With a permanent relationship one finds great inner calm and is in harmony with nature in my view, whereas one goes against the eternal moral laws if one tries to evade the consequences of a relationship with a woman. And so, in my view, he who orders his life in harmony with the eternal laws of nature and of morality contributes to reform and progress, and consequently to the restoration of things that are disorientated in contemporary society. So don’t doubt the reasonableness of your act, and you can’t be too calm and cool in the face of cynical remarks by people. A permanent relationship is often a source of renewed energy and capacity for work. One loses patronage but gains in capacity for work, and holds one’s own in the end.
But do you know what is a danger that I now understand better than in the past? You have to deal not only with yourself as regards your attitude to things, but also with the attitude of the woman you’re with. And while you’re firm and unfaltering in the face of outside influences, it may be that in some cases the woman is upset by some people’s opposition. And is herself opposed, like those people, and says, it isn’t working anyway, it’s impossible, and just when victory was in sight, so to speak.  2v:6
In short, because of the shocks that she encounters with you and must withstand, the woman can change greatly: she can turn out good or bad depending on how she takes things, gain or lose in character as a result of rowing against the current.
Well, it lies in a woman’s nature to regress.7
Yet because your woman is likely to prove to have an intellectual side and isn’t uncultured, I believe that for that reason she deserves to be doubly trusted. If she adds contentment to intellectual development and is modest in her needs, then I see no reason to fear the above. And equipped for a period of rowing against the current, she can only gain in energy.
So, take heart.
And as to the financial side relating to me, be assured that everything you can possibly spare is as absolutely necessary to me as air, and my productivity depends on it.
But provided that I can continue to be active and make progress with what I’m working on in the studio, I believe you needn’t scruple to take some  2v:7 steps to recommend my work, for we shan’t fail to find friends for it — I believe I can assure you of this. And for my part, to lighten your burden, I wrote to C.M. (although I took no pleasure in that, I assure you) and wanted to ask you, could you perhaps write a word to Tersteeg telling him that I’m working on those large drawings.8 You see, old chap, if Mauve, say, was to come around now, perhaps, perhaps paintings might be made of them. The studies and composition are sufficiently worked up, I believe, to serve as the basis for a painting if need be. If I had the means, for myself I wouldn’t wish to get rid of them, and would keep my work together until it formed a fine whole.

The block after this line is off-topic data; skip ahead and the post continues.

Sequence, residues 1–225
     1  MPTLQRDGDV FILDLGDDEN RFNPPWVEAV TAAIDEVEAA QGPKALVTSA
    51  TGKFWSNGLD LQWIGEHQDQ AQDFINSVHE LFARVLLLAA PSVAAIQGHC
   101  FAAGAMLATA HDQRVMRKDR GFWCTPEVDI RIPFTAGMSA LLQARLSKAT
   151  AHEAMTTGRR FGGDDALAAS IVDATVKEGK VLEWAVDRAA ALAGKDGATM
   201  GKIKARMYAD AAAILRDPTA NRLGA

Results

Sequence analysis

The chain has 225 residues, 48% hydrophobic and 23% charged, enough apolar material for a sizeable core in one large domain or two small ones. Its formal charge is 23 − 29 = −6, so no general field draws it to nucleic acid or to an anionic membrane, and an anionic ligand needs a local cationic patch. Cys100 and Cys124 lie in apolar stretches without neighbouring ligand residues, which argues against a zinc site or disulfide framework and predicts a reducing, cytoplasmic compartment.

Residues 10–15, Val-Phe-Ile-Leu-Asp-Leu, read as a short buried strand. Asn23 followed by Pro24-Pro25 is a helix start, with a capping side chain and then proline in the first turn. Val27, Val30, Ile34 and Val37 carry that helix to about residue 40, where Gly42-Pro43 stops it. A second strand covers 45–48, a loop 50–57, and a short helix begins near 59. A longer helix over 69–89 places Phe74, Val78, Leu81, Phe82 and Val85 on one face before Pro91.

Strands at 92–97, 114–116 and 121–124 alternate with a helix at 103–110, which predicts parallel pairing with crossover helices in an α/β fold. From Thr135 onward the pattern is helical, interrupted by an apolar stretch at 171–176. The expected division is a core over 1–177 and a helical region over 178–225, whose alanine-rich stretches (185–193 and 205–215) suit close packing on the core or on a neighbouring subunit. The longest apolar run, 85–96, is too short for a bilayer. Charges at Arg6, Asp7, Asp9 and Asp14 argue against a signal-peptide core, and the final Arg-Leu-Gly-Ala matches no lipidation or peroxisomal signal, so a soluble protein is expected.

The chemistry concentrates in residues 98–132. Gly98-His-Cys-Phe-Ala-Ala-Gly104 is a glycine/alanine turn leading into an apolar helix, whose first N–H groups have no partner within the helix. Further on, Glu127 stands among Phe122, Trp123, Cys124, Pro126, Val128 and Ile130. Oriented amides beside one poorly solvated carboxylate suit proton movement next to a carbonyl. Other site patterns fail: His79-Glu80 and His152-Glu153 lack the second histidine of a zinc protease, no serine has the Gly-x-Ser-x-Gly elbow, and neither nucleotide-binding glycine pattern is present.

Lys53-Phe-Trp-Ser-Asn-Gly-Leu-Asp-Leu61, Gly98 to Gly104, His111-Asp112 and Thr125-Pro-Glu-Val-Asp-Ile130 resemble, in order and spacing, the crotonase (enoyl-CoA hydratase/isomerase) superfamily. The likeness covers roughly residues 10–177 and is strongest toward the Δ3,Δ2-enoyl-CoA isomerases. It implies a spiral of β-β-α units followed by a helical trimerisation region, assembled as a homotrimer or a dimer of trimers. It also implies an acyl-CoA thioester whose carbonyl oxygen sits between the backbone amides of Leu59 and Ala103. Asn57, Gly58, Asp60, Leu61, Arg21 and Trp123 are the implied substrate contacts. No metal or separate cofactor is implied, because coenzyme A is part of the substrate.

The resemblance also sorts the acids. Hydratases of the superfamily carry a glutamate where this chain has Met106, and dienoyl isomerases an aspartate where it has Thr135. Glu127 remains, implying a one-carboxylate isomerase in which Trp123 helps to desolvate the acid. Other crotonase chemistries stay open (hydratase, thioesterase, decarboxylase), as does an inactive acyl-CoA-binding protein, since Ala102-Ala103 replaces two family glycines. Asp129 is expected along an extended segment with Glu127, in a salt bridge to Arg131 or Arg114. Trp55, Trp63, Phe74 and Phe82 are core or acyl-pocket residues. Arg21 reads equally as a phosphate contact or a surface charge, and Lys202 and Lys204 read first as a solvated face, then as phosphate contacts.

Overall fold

And be assured that I long deeply for your coming. I believe that you’ll see, brother, that something has come of your loyalty and your sacrifice for me after all, and that still more will come. But I’m rather short of money for the outgoings.  2r:8
And even if we don’t sell these, I think it could be a way of finding new contacts and perhaps of putting things right with C.M. or Tersteeg, say, or Mauve.
Adieu, old chap, with a hearty handshake.

Ever yours,

It would be all the more desirable if you could send me something extra because I would like to do more rather than less in the coming days, in the time still to pass between now and your arrival.
I have hopes of making good progress because I’m getting some results with the lithographic crayon &c. that are stronger and better than the earlier drawings. Just a little further and I believe they’ll be able and willing to use me for illustration work of one kind or another. For, although this is seemingly humble, I’m made for such a position, I feel attracted by it and filled with strength.
And I’d have great pleasure in washing once more on torchon as well, probably before you come. For you mustn’t think that I’ve put watercolour or painting out of my mind. I certainly have it in mind, but drawing is the root of everything, and the time spent on that is actually all profit.
One can’t help having ‘visions of the future’. Even if one is convinced that nothing can be foreseen with certainty or sufficient accuracy. Yet what you wrote to me today could have a great influence on my future.
For who knows if it mightn’t end up with our being nearer each other?  3v:10
Anyway, this has made your arrival twice as important to me, and I’ll try to give myself a few tugs forwards, and help me with that if you can.
If you had a more domestic life, I believe we’d understand each other even better, and it seems to me we’d be even more help to each other.
And I understand you will probably have cares, and if there’s anything I can do to make my work better so that we can do something with it, I’ll redouble my efforts.
Love is sometimes blessed, although the world seems to believe it should doubt this. But the blessing lies in the fact that one can do more by working with love than otherwise, and one fears less. Thus in the end can have more serenity. In short, one learns to grit one’s teeth. And whatever may be the case — whether it’s an advantage or a disadvantage socially — old chap, I believe that in the end you can only gain from it. So a blessing on what you do, and be assured that my warmest wish is for the woman you’re caring for to recover and be saved.
Yes, it’s an inspiring task — keeping a life above water! Perhaps it’s a great piece of luck both for you and for her at the same time. For hidden powers of energy and life develop then. Thanks once more for your letter and for what you sent. And write again soon, if you can.


Br. 1990: 351 | CL: 290
From: Vincent van Gogh
To: Theo van Gogh
Date: The Hague, Sunday, 3 June 1883

1. This quotation must refer to what Theo had written. Vincent himself used the term ‘tame dove’ in connection with Sien in letters 224 and 225 of early May 1882.
2. In many of Correggio’s paintings women are depicted in an idealized form.
4. An allusion to the poem ‘De beste vriend’ (The best friend) by P.A. de Génestet. It describes how many sacrifices must be made for

a friend with an iron hand
and cool, imperious eye
with true feeling and keen sense
yet often curt and dry

Only in the last two stanzas is the identity of the ‘best friend’ revealed.

He makes me struggle, he gives me rest
earned in care or sweat;
he is my Burden, he is my Joy,
my Scourge and yet – my Friend.

For if I follow him, then around me
he brings peace and light,
and makes my heart so full, so free...
What is his name? – Duty.

(Een vriend met ijzren hand
en koel gebiedend oog;
met recht gevoel en kloek verstand,
doch vaak wel norsch en droog).

Hij baart mij strijd, hij geeft mij rust
in zorg of zweet verdiend;
hij is mijn Last, hij is mijn Lust,
mijn Plaag en toch – mijn Vriend.

Want volg ik hem, dan rondom mij
schept hij mij vrede en licht,
en stemt mij ’t hart zoo ruim, zoo vrij…
Hoe is zijn naam? – De Plicht.)

See De Génestet 1869, vol. 2, pp. 206-207.
5. For the origins of this borrowing from the popular, humorous book Petites misères de la vie humaine (1843) by Old Nick and Grandville, see letter 178, n. 6.
a. Means ‘bedaard’ (quiet).
7. Van Gogh based this notion of regression on Michelet: see letter 337, n. 3.
8. Peat diggers in the dunes (F 1031 / JH 363 [2437]) and also the unknown drawing of a team of workmen mentioned in letter 348 and later known as ‘sand quarry’ (see letter 362).
b. Means: ‘uitgaven’ (outgoings).